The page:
The ACR has also stood behind recent state legislation proposed in Georgia which would establish a loan forgiveness program for cognitive specialists who do not qualify for the federal Health Resources and Services Administration program. If enacted, the bill — H.B. 442 — could provide tax-free loan forgiveness in the amount of $25,000 annually to rheumatologists who practice in underserved areas of the state.
“Loan repayment programs are a huge lever that can be pulled,” Eakin said. “Providing that type of opportunity to someone entering into a career that is going to be one of service to an underserviced population — that is clearly a way that we can have a deep impact in offsetting the workforce shortage issues. The Arthritis Foundation has been working closely with other leaders, to institute loan repayment programs and legislation for pediatric rheumatology physicians by meeting with decision makers on Capitol Hill.”
Nevertheless, the outlook for the rheumatology job market appears strong, noted Singleton. “It’s hard to see rheumatologist compensation going anywhere but up based on basic supply and demand principles; more competition is going to continue to drive higher salaries.”
However, he cautioned, there is a financial ceiling. “When you have a limited amount of revenue that a physician can generate, you get to a point where you start losing money on them. Rheumatology is not there yet, but it is closer than people think. Even though rheumatologists generate revenue, and are critically important to the full continuum of care, you can’t just keep adding zeroes to the salary. We are close to that plateau in rheumatology and when it caps off, that doesn’t mean that we have solved a problem. It means that, sooner or later, a hospital will have to consider being more creative about where to spend that money.”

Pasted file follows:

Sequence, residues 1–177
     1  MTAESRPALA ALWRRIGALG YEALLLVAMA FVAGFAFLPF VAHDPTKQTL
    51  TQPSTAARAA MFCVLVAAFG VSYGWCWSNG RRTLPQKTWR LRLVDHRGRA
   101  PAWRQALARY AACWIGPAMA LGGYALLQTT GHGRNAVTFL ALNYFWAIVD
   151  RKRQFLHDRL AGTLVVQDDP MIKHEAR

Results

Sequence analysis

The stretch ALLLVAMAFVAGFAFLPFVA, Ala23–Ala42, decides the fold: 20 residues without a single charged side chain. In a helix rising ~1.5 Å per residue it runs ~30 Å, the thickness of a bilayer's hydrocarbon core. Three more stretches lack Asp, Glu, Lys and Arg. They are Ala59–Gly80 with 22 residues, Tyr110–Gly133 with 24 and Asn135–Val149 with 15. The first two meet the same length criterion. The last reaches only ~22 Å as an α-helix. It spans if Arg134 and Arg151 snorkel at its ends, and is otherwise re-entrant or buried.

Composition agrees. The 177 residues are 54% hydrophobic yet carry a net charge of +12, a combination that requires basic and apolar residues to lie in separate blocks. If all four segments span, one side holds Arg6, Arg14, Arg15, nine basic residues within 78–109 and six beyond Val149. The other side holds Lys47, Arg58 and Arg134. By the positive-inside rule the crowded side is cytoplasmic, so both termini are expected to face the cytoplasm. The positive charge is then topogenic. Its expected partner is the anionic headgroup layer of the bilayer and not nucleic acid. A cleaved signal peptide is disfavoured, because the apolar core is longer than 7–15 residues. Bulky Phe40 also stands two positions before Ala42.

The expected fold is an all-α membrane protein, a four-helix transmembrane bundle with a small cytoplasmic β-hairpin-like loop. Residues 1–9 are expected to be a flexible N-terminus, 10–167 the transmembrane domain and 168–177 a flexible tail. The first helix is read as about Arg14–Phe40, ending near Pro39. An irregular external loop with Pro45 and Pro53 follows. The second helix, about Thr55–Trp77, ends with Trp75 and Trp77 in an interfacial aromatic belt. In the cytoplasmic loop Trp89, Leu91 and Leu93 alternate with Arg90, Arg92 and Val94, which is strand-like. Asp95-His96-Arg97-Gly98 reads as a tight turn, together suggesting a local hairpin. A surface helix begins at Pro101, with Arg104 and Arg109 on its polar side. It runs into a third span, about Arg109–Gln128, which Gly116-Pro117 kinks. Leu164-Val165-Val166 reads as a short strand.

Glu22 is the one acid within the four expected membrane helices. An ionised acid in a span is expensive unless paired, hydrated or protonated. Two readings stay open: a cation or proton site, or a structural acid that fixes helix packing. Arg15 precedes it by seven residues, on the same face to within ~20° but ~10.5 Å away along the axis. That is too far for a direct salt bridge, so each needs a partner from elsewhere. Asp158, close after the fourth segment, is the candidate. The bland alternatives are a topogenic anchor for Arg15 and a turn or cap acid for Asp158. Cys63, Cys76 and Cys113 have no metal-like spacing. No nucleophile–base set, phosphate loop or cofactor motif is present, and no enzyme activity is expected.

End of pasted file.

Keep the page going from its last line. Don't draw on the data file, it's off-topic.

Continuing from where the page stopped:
Beyond the compensation used to attract rheumatologists to underserved areas, Dua noted that incentives to retain them are just as important. “Investing in the physicians, supporting them through adequate nursing and support staff, not overburdening them with increasing time demands and administrative tasks, ensuring a supportive culture with opportunities for growth and advancement are all ways that individual practices or centers can try to retain their rheumatologists.”
She added, “Rheumatology, in my mind, is truly the best subspecialty with compelling diseases, continuity of care, amazing pathology, diverse patients, groundbreaking research and continuing advancements in treatment modalities for our patients. With the continuously growing need and the current shortage of supply, rheumatology holds a lot of promise for medical students, along with some potential challenges. As a field we will need to continue to be innovative to meet the needs of our patients and find ways to close the workforce gap.” – by Robert Stott
- Battafarano DF, et al. Arthritis Care Res. 2018;doi:10.1002/acr.23518.
- Bolster MB, et al. Arthritis Rheumatol. 2018;doi:10.1002/art.40432.
- Doximity 2018 Physician Compensation Report. Doximity blog. Posted March 27, 2018. https://blog.doximity.com/articles/doximity-2018-physician-compensation-report. Accessed March 11, 2019.
- Krupnikova SS, et al. Int J Rheumatol. 2019; doi: 10.1155/2019/4892707.
- Medscape. Medscape Physician Compensation Report 2018. www.medscape.com/slideshow/2018-compensation-overview-6009667#1. Accessed March 16, 2019.
- For more information:
- Anisha Dua, MD, MPH, can be reached at Northwestern University, 675 N. St. Clair St, 14th floor, Suite 100, Chicago IL 60611.; email: firstname.lastname@example.org.
- Guy Eakin, PhD, can be reached at 1355 Peachtree Street NE, Atlanta, GA 30309; email: email@example.com.
- Beth L. Jonas, MD, can be reached at UNC Rheumatology Clinic, 6013 Farrington Rd., Bldg 200, Suite 301, Chapel Hill, NC 27517.
- Victoria K. Shanmugam, MD, can be reached at The George Washington University, 2121 I St NW, Washington, DC 20052.
- Travis Singleton, can be reached at Merritt Hawkins, 8840 Cypress Waters Blvd. Suite 300, Dallas, TX 75019.
Disclosures: Dua, Eakin, Jonas, Shanmugam and Singleton report no relevant financial disclosures.